By Ann Bisantz, University at Buffalo, and Ellen GoldbaumKolin, UB Office of News Services Colin G. Drury, SUNY Distinguished Professor in the Department of Industrial and Systems Engineering at the University at Buffalo (UB), was honored by fellow international experts in the field of human factors/ergonomics at a conference on May 17­18. Drury is stepping down from his teaching and administrative duties but will continue his research at UB. His integration of research in human factors with studies of human error and quality control have helped pioneer innovations in numerous industries and sectors, including aviation, consumer products, and chemical demilitarization. The conference, held in Buffalo, New York, was opened by Sara Czaja, University of Miami. Current and former students and colleagues traveled from as far away as Hong Kong, Taiwan, and France to pay tribute to Drury. Keynote speaker Ram Bishu, professor of industrial engineering at the University of Nebraska, emphasized the breadth of Drury's research. UB Dean Harvey Stenger, UB professor and former dean Mark Karwan, and Professor Emeritus Warren Thomas also spoke about Drury's extensive contributions and continuing influence on the UB Department of Industrial Engineering throughout the past four decades. Many former students also provided comments. The FAA honored Drury with its Excellence in Aviation Research Award in 2005. That same year, HFES selected Drury to receive the A. R. Lauer Safety Award. Earlier this year, he received the Kenneth Andrew Roe Award from the American Association



! F



Journal of Cognitive Engineering and Decision Making

Volume 50, Number 7 July 2007


51st Annual Meeting

Registration is open! Special rates apply until August 27. Go to and click the "HFES Meetings" navigation bar on the left side of the home page for details about . . .

Features Editor: Pamela Savage-Knepshield Student Views Editor: Melanie Diez Communications Director: Lois Smith Assistant Managing Editor: Jason Dean Advertising: R. C. Bublitz & Associates, 800/485-5029; dick-rcb POSTMASTER: Send address changes to the HFES Bulletin, Human Factors and Ergonomics Society, P.O. Box 1369, Santa Monica, CA 90406-1369 USA, 310/394-1811, fax 310/394-2410, General Information: info Editorial/Advertising: lois Placement Service: placement Annual Meeting: lois

The Human Factors and Ergonomics Society is excited to launch a new publication in Spring 2007, Journal of Cognitive Engineering and Decision Making. JCEDM focuses on research that seeks to understand how people engage in cognitive work in real-world settings and the development of systems that support that work.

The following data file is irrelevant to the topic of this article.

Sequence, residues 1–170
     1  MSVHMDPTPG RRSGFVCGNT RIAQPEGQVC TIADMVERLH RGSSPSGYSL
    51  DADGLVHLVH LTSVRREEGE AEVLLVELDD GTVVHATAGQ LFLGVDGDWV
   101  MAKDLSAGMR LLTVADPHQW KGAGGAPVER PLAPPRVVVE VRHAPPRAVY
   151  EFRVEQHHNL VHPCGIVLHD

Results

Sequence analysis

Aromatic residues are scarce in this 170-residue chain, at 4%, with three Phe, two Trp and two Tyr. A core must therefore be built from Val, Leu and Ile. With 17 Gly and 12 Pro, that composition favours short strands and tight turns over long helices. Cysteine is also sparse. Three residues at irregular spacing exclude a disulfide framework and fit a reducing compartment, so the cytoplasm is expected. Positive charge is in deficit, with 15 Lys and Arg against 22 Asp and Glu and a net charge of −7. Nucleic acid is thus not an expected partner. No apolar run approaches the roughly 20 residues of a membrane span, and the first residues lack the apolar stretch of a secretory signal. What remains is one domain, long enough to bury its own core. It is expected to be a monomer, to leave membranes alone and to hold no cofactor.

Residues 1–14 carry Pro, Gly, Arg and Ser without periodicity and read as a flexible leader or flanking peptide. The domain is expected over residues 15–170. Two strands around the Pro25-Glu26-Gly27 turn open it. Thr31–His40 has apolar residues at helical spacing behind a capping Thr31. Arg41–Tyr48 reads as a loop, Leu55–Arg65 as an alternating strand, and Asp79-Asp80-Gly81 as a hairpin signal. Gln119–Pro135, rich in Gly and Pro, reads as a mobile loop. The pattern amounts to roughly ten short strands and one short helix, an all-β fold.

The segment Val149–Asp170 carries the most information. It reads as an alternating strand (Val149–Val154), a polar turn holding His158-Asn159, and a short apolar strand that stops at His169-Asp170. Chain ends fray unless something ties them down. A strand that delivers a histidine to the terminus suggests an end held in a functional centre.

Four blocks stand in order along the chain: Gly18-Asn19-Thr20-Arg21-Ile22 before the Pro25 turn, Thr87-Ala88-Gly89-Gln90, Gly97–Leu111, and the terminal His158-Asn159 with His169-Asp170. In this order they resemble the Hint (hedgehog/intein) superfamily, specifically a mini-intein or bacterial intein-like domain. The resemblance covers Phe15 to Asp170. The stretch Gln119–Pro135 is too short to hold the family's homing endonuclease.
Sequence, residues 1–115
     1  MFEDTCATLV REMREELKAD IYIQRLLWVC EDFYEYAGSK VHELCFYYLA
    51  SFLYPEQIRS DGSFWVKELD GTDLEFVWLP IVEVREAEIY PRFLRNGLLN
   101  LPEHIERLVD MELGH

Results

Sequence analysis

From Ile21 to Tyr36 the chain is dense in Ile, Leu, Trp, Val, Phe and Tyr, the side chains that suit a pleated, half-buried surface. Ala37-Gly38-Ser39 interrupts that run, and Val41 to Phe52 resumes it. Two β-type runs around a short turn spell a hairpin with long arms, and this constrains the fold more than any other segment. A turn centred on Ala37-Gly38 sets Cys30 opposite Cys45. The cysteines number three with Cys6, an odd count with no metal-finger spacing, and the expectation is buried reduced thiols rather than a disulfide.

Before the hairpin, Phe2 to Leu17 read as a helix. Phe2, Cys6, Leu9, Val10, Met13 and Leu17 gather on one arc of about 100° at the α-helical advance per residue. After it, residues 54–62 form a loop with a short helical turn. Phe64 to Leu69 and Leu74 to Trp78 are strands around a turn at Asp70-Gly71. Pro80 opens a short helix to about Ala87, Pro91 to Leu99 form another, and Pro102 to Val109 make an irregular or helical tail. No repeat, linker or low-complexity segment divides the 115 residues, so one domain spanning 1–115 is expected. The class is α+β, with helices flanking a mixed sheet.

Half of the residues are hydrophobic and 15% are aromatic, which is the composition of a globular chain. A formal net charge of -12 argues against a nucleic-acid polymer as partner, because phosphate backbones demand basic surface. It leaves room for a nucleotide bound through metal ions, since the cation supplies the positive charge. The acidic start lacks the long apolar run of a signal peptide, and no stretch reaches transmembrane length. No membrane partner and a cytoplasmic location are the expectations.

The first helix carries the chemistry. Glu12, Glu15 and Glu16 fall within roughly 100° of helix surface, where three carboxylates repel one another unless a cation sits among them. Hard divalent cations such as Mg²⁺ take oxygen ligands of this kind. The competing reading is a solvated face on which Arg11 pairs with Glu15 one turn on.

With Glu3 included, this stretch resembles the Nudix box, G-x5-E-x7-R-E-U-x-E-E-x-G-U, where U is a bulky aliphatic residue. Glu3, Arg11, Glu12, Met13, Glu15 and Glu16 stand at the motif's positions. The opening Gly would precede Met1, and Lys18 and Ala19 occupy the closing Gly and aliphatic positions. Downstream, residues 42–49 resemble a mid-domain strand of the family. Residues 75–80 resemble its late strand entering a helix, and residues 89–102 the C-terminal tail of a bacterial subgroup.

JCEDM differs from most journals by supporting research that grapples with the messy, hard-to-define, and difficult-to-study realities that confront humans as they attempt to interact effectively with complex environments. Emphasis is on descriptive models of decision making and macrocognition that consider people working alone or in conjunction with other individuals or intelligent systems, and the factors effecting decision making and cognition in realistic settings.

· booking your room at the Baltimore Marriott Waterfront Hotel by September 10 to receive the HFES rate · viewing the online preliminary program to find sessions and papers of interest · reserving exhibit booths or sponsorships · preparing your accepted poster for display during the meeting. Bookmark the 51st Annual Meeting Web page for the schedule of technical group business meetings.

JCEDM embraces many aspects of human problem solving that have been largely neglected by experimental psychology, including situation awareness, problem definition, planning, attention and uncertainty management, mental projection and simulation, diagnosis, solution validation, adaptation, coordination and shared situation awareness in teams, and metacognition.

Opinions expressed in BULLETIN articles are those of the authors and should not be considered as expressions of official policy by the Human Factors and Ergonomics Society.

JCEDM invites submissions for its three topical tracks: Cognition in Context, Studies in Simulations and Synthetic Environments, and Design of Complex and Joint Cognitive Systems. Details about the three topical tracks in JCEDM may be found on the Web:

Human Factors and Ergonomics Society

P.O. Box 1369 Santa Monica, CA 90406-1369 USA

Send your JCEDM submissions to [email protected] The first issue may be viewed online free for 30 days (see the Web site above for details).






HFES Members . . . . . . . . . .$ 75 . . . . . . . . . . . $105 Nonmembers . . . . . . . . . . . .$135 . . . . . . . . . . . $190 Institutions . . . . . . . . . . . . .$380 . . . . . . . . . . . $675

To subscribe, go to the Web site above, or contact HFES at [email protected], 310/ 394-1811, fax 310/394-2410.